Hoya obscura Wax Flower


The wax flower Hoya obscura Elmer ex C. M. Burton 1986 has been found by A. D. E. Elmer in the year 1916 on the island of Luzon, Philippines. Hoya obscura flowers are highly fragrant, the scent is reminescent of a mixture of honey, lemon and lavender. The tropical climber is considered as an easy-to-gtow plant and is extremly floriferous and fast growing. The medium-sized leaves range from deep green if grown in shade, to a red color, if exposed to direct sunlight. Flowers are grouped in umbels of up to about 30 single flowers, which last about one week. Hoya obscura requires warm temperatures, high humidity, a well-drained soil and a good air movement. Plants should slightly dry out between waterings.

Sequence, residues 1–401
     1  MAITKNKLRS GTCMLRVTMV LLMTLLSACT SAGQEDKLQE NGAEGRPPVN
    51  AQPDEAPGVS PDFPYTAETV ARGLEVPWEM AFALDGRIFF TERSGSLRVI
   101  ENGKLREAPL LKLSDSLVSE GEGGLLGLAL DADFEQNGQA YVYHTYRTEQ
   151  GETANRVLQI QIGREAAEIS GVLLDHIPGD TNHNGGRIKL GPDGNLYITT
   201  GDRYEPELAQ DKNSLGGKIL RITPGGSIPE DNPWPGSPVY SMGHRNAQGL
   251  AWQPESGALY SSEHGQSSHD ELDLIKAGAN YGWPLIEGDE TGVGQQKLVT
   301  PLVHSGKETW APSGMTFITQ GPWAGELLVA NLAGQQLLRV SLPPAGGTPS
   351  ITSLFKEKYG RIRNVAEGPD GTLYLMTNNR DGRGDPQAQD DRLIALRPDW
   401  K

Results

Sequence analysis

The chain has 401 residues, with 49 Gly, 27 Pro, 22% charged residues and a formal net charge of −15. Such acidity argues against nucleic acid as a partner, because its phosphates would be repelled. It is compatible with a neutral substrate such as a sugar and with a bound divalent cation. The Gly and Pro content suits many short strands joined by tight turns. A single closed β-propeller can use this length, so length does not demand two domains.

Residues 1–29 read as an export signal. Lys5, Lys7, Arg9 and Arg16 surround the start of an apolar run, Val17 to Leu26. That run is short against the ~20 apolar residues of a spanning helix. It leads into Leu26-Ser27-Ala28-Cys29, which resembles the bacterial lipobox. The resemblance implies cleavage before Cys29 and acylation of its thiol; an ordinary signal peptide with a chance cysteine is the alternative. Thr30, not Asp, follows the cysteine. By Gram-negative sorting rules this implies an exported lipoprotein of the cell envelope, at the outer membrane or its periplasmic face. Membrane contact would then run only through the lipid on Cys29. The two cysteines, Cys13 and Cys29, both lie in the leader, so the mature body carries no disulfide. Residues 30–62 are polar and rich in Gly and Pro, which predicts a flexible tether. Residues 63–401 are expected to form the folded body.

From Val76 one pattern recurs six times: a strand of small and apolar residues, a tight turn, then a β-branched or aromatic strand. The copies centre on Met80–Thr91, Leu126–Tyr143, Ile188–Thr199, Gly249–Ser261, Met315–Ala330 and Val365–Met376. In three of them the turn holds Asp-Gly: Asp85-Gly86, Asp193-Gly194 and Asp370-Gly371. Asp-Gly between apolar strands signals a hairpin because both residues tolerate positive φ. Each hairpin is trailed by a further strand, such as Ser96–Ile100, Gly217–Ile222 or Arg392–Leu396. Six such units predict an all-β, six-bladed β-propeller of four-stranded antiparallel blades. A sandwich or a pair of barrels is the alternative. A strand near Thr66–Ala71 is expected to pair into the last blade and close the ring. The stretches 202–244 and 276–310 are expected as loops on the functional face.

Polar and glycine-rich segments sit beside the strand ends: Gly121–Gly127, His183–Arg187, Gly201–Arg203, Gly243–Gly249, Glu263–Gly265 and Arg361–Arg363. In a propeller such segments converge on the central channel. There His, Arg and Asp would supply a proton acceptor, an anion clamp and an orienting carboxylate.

Hoya obscura Elmer ex C. M. Burton 1986Flower Photography © Orchids Flowers.com
Image: Hoya obscura Elmer ex C. M. Burton 1986
Photographer: Kitisak “Nat” Jaidee

Hoya (Wax Flowers, Porcellain Flowers) at Orchids Flowers.com:

{ 1 comment… read it below or add one }

Ellen Reader August 22, 2010 at 07:47

I have been told that there is a flower that grows natural in Florida along the edges of rivers and swamps that the indigenous Indians used to make wax. The park ranger thought that it was a type of orchid but I did not see the plant myself.

Ellen Reader

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